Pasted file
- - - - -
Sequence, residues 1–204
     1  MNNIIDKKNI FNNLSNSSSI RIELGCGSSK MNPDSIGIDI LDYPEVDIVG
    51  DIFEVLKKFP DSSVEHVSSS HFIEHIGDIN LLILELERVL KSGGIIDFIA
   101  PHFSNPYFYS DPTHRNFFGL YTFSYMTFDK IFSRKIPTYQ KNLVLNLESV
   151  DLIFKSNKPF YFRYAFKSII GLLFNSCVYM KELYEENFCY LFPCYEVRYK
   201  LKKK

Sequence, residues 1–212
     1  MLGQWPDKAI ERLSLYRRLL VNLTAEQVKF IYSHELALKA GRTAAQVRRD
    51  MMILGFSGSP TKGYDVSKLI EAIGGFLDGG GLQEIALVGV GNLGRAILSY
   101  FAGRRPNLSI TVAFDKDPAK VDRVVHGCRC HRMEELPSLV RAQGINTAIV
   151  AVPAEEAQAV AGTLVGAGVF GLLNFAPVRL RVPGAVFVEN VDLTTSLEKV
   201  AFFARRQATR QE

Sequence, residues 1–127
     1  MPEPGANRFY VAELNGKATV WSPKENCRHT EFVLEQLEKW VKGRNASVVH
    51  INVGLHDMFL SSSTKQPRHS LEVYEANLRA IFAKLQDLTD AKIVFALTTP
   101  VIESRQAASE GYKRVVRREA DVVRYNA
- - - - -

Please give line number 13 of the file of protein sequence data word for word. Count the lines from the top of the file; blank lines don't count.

Sequence, residues 1–127